Icy Worlds

Near-Infrared Reflectance Spectroscopy Of Sublimating Salty Ice Analogues. Implications For Icy Moons

By Keith Cowing
Press Release
December 7, 2021
Filed under , , ,
Near-Infrared Reflectance Spectroscopy Of Sublimating Salty Ice Analogues. Implications For Icy Moons
SCITEAS-2 and the Mobile Hyperspectral Imaging System (MoHIS). A) Front view of the vacuum chamber. The Keithley multimeter reads the tension from the Pt1000 sensors to monitor the temperature. The pressure is measured by a Pfeiffer vacuum© sensor. B) Scheme of a transversal cut inside the shroud. C) Side view of the vacuum chamber with the primary (membrane) and secondary (Turbo-molecular) pumps. D) The hyperspectral imaging system in stand-by configuration. E) Optical path of light from the source to the VIS and NIR cameras.

The composition of the surface of the Galilean icy moons has been debated since the Galileo mission.

Several chemistries have been proposed to explain the composition of the non-icy component of the moon’s surfaces, notably, sulphuric acid hydrates and magnesium and sodium sulphates.

More recently, magnesium and sodium chlorides have been proposed to explain features observed in ground-based observations. We have considered four salts (NaCl, Na2SO4, MgSO4 and MgCl2) with various concentrations, to produce salty ice analogues. Granular particles were produced by a flash-freezing procedure. Additionally, compact slabs of salty ices were produced by a slow crystallisation of salty liquid solution. These two methods mimic the end-members (plumes and slow ice block formation) for producing hydrated salty ices on the surface of icy moons such as Europa and Ganymede.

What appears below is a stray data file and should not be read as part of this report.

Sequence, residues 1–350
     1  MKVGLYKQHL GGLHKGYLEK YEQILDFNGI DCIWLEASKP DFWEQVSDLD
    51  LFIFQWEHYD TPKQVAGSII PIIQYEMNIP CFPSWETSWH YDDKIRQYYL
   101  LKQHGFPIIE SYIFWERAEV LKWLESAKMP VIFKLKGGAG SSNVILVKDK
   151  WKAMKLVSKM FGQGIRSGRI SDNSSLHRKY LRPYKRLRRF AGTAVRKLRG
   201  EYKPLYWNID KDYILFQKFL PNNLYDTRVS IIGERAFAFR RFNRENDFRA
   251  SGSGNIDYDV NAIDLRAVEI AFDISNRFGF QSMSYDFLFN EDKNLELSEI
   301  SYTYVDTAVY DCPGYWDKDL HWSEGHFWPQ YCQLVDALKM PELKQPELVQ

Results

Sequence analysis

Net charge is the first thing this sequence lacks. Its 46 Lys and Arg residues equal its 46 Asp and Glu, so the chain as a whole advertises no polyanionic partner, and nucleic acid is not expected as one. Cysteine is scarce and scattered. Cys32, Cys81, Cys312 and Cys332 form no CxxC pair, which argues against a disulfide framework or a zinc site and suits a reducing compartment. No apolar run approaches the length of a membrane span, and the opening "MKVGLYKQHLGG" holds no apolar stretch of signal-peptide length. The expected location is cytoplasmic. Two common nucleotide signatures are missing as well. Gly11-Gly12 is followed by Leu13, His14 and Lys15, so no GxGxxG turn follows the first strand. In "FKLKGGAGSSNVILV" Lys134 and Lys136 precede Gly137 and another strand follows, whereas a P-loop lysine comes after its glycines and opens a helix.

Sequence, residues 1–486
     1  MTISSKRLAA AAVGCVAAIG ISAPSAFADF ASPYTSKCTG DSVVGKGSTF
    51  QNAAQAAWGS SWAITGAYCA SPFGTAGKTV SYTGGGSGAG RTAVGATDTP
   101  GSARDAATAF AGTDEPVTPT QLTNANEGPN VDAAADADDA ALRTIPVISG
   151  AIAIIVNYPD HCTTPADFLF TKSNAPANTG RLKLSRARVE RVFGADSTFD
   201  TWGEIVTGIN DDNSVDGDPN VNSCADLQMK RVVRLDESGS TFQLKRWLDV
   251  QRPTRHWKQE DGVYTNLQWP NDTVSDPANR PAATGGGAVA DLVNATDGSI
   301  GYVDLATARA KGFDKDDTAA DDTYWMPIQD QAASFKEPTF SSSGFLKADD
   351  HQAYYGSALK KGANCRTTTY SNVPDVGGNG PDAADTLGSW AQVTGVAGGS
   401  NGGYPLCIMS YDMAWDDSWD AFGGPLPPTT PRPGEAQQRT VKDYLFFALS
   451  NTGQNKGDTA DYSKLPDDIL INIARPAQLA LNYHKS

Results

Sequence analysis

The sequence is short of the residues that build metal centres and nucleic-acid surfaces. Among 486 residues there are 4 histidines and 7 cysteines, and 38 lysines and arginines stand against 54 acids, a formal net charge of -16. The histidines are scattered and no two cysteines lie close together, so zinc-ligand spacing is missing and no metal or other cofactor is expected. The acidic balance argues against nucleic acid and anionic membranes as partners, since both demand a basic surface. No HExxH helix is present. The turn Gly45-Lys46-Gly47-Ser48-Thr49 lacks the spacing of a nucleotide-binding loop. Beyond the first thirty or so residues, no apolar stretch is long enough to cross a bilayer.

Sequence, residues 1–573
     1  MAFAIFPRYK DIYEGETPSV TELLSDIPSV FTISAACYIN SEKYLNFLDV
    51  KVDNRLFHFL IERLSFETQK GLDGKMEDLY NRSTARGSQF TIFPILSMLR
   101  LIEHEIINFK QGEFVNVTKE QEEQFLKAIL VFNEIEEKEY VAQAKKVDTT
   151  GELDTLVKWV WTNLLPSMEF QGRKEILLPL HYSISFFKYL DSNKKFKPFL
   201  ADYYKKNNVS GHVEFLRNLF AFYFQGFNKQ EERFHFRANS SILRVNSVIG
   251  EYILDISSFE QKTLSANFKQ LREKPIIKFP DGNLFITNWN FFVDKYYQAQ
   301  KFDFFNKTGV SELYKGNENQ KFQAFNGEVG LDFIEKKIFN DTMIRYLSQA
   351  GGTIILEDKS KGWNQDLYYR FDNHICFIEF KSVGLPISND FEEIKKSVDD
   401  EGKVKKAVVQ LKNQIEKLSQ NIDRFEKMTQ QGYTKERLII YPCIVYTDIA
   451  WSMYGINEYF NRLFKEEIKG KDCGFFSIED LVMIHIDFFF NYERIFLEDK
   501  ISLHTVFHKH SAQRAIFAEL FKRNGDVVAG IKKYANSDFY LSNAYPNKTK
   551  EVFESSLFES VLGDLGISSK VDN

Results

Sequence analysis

We have monitored the near-infrared (NIR) evolution of our salty ices during sublimation, revealing differences between the granular particles and the slabs. The slabs formed a higher amount of hydrates and the most highly hydrated compounds. Granular ices must be formed from a more concentrated salty solution to increase the amount of hydrates within the ice particles. The sublimation of salty ices removed all excess water ice efficiently, but the dehydration of the salts was not observed.

The final spectra of the slabs were most flattened around 1.5 and 2.0 {\mu}m, especially for the Na2SO4, MgCl2 and MgSO4, suggesting the presence of stable, highly hydrated compounds. We find that Na2SO4, MgCl2 and MgSO4 are most compatible with the non-icy component at the surface of the icy moons as observed by the NIMS instrument on Galileo and by ground-based observations.

Romain Cerubini, Antoine Pommerol, Zuriñe Yoldi, Nicolas Thomas
Comments: 71 pages with 16 figures
Subjects: Earth and Planetary Astrophysics (astro-ph.EP); Geophysics (physics.geo-ph)
Cite as: arXiv:2112.03063 [astro-ph.EP] (or arXiv:2112.03063v1 [astro-ph.EP] for this version)
Submission history
From: Romain Cerubini
[v1] Mon, 6 Dec 2021 14:16:57 UTC (4,945 KB)

Explorers Club Fellow, ex-NASA Space Station Payload manager/space biologist, Away Teams, Journalist, Lapsed climber, Synaesthete, Na’Vi-Jedi-Freman-Buddhist-mix, ASL, Devon Island and Everest Base Camp veteran, (he/him) 🖖🏻